Paris Is a Party, Paris Is a Ghost By David Hoon Kim – A Scam of History and Habit

The novel is a celebration of the clarity in the chaos that life offers. Sure “Paris Is a Party, Paris Is a Ghost” could be categorized as a comedy if you were to categorize the library shelves, but it is one of the most darkly comic pieces ever. David Hoon Kim shows brilliant writing skills in this debut novel of his. We all are haunted by the ghost of someone or something. Some bygones do not always maintain the conventional rules of bygones. They do not always dissolve into the past and remain there. The narrator in Kim’s novel suffers from a series of such bygones, among which there is one particularly insistent one- the absence of his girlfriend. The story follows the journey of Henrik Blatand, the narrator of the novel, as he makes his way through the crowd of people in pursuit of the goals of their lives, while he struggles to find his.


Henrik has always had trouble fitting in. He is a wanderer. He is confused. Everything starting from his name to his personality stands as a barrier between him and sorted life. He is no stranger to the confused stares of people when he introduces himself. They wonder why they are looking at an Asian face. Henrik’s personality does not help either. He takes a keen interest in people. It is an exceptional penchant for following people as they walk through life. Everything starting from the person without a boarding ticket in the bus to the perils of his own life draws his attention.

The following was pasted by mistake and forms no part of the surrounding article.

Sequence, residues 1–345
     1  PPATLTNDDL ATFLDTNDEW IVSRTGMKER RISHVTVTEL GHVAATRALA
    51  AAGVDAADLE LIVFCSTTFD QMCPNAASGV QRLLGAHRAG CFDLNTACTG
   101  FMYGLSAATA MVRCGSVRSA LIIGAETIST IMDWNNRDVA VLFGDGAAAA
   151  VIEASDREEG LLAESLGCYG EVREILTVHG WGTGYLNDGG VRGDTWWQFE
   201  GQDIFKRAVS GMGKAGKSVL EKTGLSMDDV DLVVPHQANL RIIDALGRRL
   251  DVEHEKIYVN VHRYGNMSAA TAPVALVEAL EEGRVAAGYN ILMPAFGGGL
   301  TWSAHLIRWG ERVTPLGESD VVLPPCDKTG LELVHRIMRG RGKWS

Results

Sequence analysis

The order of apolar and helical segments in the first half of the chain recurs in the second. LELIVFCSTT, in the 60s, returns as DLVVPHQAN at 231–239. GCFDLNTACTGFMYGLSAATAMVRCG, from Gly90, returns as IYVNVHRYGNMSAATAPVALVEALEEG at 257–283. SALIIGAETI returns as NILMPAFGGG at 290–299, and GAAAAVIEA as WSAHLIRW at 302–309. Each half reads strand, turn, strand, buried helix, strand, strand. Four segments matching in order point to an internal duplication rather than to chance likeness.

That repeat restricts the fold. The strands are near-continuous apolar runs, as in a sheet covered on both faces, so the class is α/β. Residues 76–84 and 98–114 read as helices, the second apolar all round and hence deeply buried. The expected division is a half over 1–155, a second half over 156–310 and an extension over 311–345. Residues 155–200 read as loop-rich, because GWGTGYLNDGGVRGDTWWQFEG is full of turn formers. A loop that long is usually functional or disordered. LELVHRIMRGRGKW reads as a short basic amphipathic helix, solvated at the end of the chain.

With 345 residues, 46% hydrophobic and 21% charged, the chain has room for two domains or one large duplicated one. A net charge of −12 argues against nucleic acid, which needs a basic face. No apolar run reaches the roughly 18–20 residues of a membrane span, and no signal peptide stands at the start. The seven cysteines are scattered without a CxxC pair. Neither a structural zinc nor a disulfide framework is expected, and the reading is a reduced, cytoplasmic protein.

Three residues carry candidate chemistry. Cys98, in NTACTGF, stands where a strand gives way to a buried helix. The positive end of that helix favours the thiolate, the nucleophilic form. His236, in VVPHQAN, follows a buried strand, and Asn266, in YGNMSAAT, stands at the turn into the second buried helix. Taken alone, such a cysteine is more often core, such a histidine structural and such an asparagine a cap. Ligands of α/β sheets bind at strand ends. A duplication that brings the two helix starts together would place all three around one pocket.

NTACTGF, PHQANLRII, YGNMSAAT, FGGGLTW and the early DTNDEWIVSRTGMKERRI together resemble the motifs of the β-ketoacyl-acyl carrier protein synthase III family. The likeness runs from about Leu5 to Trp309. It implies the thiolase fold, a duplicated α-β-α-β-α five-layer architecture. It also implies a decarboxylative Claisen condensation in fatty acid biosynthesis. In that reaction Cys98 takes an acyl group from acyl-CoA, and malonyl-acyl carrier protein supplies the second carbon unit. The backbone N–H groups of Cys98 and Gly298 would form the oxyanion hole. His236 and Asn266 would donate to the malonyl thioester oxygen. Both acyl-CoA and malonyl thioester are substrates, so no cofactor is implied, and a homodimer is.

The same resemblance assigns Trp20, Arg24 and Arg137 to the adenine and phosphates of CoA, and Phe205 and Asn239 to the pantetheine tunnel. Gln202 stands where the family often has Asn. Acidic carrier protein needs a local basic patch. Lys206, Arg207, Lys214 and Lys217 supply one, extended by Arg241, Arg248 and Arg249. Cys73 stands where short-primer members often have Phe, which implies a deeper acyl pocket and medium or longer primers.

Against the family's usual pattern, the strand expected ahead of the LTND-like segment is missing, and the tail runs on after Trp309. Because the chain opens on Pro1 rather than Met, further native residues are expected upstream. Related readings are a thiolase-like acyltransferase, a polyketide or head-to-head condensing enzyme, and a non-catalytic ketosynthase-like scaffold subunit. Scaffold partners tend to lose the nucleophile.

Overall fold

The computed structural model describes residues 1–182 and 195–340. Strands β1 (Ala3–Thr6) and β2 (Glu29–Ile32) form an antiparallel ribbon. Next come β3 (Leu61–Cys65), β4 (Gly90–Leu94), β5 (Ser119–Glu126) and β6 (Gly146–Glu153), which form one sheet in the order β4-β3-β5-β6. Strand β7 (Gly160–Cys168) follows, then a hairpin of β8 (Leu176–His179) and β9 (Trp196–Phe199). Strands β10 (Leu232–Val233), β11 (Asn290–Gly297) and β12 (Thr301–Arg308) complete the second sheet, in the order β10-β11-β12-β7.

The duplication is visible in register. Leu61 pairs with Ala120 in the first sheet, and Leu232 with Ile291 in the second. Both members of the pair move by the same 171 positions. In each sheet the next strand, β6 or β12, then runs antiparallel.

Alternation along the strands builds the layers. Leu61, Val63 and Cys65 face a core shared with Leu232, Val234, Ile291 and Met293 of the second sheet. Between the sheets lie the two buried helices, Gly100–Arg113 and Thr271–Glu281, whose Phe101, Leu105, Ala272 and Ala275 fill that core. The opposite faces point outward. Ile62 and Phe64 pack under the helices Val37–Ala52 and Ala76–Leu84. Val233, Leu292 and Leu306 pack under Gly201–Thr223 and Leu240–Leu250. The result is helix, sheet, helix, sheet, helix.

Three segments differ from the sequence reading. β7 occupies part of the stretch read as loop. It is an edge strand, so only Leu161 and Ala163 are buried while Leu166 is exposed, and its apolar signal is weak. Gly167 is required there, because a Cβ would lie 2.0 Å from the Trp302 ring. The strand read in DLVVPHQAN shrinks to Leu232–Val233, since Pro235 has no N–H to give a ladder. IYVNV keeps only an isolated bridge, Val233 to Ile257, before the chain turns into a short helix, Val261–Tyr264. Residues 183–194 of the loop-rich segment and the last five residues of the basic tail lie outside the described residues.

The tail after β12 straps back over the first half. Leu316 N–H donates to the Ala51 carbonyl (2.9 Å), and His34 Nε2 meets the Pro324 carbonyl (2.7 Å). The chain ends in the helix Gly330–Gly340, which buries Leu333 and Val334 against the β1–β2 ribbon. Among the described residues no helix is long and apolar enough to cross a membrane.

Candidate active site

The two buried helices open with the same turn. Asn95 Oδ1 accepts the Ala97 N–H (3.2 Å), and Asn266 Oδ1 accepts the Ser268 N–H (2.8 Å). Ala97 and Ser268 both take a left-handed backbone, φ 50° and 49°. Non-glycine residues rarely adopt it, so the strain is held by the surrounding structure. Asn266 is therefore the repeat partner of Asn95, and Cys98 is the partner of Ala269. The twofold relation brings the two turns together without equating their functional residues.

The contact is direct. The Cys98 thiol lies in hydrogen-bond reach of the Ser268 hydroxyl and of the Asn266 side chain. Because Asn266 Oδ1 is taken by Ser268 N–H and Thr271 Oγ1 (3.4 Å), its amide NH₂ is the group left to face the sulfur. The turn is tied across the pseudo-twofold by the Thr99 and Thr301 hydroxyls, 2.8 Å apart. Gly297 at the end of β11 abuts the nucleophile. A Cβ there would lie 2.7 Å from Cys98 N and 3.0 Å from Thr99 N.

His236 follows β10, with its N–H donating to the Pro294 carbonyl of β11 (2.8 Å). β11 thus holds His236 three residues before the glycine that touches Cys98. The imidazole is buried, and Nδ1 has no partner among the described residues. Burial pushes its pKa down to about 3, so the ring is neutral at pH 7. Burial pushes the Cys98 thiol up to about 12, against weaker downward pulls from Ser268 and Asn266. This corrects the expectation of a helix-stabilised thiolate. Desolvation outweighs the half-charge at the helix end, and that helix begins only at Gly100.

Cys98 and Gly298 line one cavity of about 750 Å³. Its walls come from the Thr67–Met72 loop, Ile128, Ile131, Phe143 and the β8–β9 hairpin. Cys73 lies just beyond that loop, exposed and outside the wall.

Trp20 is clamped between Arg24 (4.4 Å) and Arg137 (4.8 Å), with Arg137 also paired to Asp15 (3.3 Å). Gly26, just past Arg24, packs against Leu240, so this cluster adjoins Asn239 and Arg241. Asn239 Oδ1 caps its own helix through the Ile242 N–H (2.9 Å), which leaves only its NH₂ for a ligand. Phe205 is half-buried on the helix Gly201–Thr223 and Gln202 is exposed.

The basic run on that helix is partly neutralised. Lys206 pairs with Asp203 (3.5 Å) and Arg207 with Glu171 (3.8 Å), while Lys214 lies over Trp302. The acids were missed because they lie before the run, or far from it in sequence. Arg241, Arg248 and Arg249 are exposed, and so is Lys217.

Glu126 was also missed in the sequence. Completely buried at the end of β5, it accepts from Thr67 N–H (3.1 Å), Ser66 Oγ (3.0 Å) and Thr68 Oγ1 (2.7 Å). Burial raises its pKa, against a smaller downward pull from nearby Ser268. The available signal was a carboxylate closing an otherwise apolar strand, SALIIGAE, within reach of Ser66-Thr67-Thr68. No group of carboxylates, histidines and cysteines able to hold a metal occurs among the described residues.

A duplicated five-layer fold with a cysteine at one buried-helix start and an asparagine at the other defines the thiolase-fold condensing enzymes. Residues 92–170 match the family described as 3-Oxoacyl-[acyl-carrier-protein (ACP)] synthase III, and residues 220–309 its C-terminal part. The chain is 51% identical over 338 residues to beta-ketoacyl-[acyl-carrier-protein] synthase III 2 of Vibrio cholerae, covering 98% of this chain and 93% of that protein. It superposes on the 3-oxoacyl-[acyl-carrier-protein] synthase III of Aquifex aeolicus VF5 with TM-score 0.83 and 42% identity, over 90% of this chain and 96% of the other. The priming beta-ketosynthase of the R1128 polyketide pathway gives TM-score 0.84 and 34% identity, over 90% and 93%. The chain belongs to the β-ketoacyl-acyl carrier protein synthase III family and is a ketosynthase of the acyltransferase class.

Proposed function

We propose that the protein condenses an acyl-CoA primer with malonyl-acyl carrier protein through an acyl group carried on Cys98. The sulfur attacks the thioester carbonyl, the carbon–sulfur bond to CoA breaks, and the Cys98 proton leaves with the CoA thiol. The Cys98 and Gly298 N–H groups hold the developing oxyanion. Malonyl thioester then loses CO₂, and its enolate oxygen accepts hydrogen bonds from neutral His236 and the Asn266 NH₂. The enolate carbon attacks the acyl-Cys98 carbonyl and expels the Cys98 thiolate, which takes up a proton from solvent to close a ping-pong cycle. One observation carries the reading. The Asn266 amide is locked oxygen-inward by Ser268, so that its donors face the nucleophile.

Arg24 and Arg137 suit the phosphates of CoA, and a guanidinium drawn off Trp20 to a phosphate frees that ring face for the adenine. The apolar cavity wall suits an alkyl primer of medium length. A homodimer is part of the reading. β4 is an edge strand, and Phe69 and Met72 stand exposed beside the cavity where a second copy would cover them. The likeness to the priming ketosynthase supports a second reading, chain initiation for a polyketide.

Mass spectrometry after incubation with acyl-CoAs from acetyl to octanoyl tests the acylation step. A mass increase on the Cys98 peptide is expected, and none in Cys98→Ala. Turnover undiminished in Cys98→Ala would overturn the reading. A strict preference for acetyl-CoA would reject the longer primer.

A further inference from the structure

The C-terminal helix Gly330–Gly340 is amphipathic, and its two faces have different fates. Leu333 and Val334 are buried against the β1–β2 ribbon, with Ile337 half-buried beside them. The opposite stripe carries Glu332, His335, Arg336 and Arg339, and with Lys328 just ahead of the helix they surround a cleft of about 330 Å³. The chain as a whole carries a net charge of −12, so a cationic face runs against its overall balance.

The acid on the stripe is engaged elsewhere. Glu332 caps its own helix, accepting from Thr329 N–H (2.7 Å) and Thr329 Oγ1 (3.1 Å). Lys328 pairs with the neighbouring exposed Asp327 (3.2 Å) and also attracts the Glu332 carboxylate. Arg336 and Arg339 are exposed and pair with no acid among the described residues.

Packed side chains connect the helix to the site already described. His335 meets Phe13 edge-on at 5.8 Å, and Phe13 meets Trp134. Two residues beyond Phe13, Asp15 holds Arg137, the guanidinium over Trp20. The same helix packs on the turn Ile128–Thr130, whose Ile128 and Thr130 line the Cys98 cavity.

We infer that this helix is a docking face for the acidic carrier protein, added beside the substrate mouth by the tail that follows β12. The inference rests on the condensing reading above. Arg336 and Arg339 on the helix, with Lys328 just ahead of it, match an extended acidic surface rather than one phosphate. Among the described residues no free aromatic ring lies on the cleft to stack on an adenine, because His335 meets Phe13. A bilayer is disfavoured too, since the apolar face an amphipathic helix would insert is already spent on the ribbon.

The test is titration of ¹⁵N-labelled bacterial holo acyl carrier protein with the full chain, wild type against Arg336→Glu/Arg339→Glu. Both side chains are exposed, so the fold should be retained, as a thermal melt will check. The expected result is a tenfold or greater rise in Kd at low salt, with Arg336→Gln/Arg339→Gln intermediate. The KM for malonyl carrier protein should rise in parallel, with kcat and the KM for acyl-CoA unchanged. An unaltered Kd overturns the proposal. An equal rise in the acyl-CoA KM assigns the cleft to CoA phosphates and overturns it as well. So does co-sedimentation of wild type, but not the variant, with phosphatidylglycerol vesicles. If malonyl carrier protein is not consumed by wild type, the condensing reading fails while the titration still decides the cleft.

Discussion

Henrik is energetic in a way that he can start working on new things and travel towards excellence at a brisk pace. However, our protagonist faces trouble in completing the tasks that he takes up. In fact, his current job of a translator is a result of his failure at completing his thesis work. The entire story is also a presentation of this floor the character of the narrator.

The novel is divided into three sections- Fumiko, Before Fumiko and After Fumiko. Fumiko is Henrik’s girlfriend, following whose death Henrik starts to figure out who he really is and his life in general. He is basically a troubled soul. He has a sensitive mind which is prone to confusion and spoils at every little thing that life throws his way. He thinks- maybe a little too much at times. Following Fumiko’s absence, he starts seeing her at places- in the subway, on roads, and so on. This makes Henrik arrive at the realization that the city is filled with ghosts- not the literal ones as shown in horror films, but the ghosts of memories and lives and their unfinished businesses, that they had ardently hoped to have fulfilled when living.

Henrik too has unfinished wishes. He has a void within himself which he realizes via his goddaughter Gem. He starts to assemble the pieces that he is, slowly and one by one. The novel does not stick to any one particular plotline though. It shows Henrik’s life as it happens to him and as he resolves it.

david hoon kim